Five things to see at Ferens Art Gallery

As Hull begins its tenure as UK City of Culture, curators Lucy West and Becky Gee pick five works to see at Ferens Art Gallery, from stunning Old Masters to modern classics.

If you're thinking of paying a visit to Hull this year to explore the UK's City of Culture 2017, then the newly refurbished and re-opened Ferens Art Gallery is a must see. The award-winning gallery boasts a magnificent and diverse collection of work, ranging from the medieval period and European Old Masters to contemporary video portraits. Here curators Lucy West and Becky Gee pick five standout works to see in the collection.

1

Joseph Wright of Derby, Maria, from Sterne, 1777

  • © Ferens Art Gallery

Maria is based on a character from Laurence Sterne’s popular novel A Sentimental Journey (1768), who is heartbroken after being deserted by her fiancé. Her downcast mood is echoed by her dog, Sylvio, here portrayed as a Maltese or Bolognese lapdog. Wright captures the dog’s expression and texture very faithfully and it’s possible the model was a family pet.


2

Bik van der Pol, Untitled (Gold), 2009

  • © Ferens Art Gallery

Created by an artist collective comprising of Liesbeth Bik and Jos van der Pol, this piece was originally commissioned in 2009 by Wysing Art Centre in Cambridge before being remade in 2015 for Ferens. The text is taken from the poem Miss Kilmansegg and Her Precious Leg by the British humorist and poet Thomas Hood, which describes how money controls actions, resulting in either greed or generosity. This acquisition is a contemporary expansion of our important collection of 17th century Dutch art.


3

Francis Bacon, Head VI, 1949

  • Francis Bacon, Head VI 1949, Arts Council Collection, Southbank Centre, London. © The Estate of Francis Bacon. All rights reserved. DACS 2017

This painting was the last in Francis Bacon's group of male heads (1948-49) and the first of his series of paintings of Popes. While it is loosely based on the 1650 portrait of Innocent X by Diego Velazquez, Bacon never actually saw the original painting in Rome – instead he worked from numerous reproductions of the image. The portrait may also reflect the artist's difficult past relations with his father (the Italian for Pope being Papa) and Bacon's chronic asthma, which often left him gasping for breath. The portrait will be on display at the gallery for the duration of 2017.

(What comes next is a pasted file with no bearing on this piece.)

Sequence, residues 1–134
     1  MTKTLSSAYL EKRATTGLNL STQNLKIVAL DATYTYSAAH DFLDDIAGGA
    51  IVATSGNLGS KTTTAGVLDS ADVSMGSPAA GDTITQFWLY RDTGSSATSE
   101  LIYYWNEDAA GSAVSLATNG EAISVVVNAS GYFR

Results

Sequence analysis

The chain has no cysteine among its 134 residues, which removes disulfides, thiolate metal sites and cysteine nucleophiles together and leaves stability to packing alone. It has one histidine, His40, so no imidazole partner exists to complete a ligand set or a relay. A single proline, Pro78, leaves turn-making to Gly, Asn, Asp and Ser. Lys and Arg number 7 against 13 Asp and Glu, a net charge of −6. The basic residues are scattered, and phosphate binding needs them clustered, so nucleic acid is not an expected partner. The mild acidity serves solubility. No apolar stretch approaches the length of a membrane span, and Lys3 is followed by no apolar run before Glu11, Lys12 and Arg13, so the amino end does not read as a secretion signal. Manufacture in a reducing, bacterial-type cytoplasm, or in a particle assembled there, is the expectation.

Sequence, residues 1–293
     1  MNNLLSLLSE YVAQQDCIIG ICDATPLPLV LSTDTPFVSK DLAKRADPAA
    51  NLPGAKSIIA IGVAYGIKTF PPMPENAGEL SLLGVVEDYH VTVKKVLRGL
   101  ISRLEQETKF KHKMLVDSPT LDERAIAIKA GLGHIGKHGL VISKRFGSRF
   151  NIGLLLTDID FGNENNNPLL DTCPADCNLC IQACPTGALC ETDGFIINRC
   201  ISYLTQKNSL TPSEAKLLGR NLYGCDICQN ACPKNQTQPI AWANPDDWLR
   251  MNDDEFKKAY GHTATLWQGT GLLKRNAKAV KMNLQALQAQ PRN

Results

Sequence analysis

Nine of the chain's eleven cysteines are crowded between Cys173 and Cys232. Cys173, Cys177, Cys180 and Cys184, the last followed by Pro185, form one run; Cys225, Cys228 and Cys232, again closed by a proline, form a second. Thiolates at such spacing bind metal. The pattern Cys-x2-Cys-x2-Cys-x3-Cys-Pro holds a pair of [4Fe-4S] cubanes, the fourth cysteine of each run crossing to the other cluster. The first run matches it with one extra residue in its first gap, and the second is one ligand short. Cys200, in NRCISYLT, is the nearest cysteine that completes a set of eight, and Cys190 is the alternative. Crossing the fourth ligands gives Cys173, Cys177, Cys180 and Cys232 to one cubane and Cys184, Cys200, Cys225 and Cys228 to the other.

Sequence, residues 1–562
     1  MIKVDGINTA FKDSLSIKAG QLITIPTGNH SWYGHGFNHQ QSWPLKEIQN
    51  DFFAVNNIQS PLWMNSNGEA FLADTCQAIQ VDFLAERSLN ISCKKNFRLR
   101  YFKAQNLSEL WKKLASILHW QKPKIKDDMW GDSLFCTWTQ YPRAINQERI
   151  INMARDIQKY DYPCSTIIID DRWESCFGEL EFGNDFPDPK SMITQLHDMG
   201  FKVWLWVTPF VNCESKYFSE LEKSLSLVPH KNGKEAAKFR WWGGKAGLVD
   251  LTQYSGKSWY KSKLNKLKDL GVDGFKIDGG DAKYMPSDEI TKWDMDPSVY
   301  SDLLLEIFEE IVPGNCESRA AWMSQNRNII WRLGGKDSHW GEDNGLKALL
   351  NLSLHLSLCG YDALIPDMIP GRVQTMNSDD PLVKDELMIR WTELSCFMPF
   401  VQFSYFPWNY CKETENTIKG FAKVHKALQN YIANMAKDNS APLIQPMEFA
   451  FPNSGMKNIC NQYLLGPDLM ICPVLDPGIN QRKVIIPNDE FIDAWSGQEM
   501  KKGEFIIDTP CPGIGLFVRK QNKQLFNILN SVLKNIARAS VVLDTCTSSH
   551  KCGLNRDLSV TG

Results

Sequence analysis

4

Frans Hals, Portrait of a Young Woman, c. 1655-1660 / David Mach, Hot Avant Garde, 1998

  • © Ferens Art Gallery

This is the most famous painting in our collection and is regarded as one of Frans Hals' supreme achievements. Most of his later portraits show the old people of Haarlem but Ferens is fortunate to own a work from this period depicting a younger person. In 1998, the gallery commissioned sculptor David Mach to make an alternative frame for the portrait. Mach’s is made of thousands of matches glued together, their charred heads retracing the delicate sculptural form of the original frame’s decoration. As is the case with many of Mach’s match works, once constructed the frame was set on fire in a controlled experiment, then quickly extinguished to retain its original form. This process was filmed and is now projected over the Hals replica.


5

Pietro Lorenzetti, Christ Between Saints Paul and Peter, c.1320

  • © Ferens Art Gallery

Along with his brother Ambrogio, Pietro Lorenzetti was one of the most active and innovative artists in 14th-century Siena. This is his only fully autograph work in a UK collection. It once formed part of a large and elaborate altarpiece ensemble known as a polyptych, probably for a church in Lorenzetti’s home town. As was characteristic of Sienese painting of the time, the panel has a gold ground and is delicately painted in egg tempera. The emotional connection between the figures, created through their expressions and gestures, demonstrates Lorenzetti’s remarkable originality and inventiveness.


Venue details

Ferens Art Gallery Queen Victoria Square East Yorkshire HU1 3RA 01482 613 902 www.hullcc.gov.uk/museums

Entry details

Free to all

Daily, 10am – 5pm (Thu until 7.30pm, Sun until 4.30pm)

Tags: ExhibitionsGreat days outWhat to see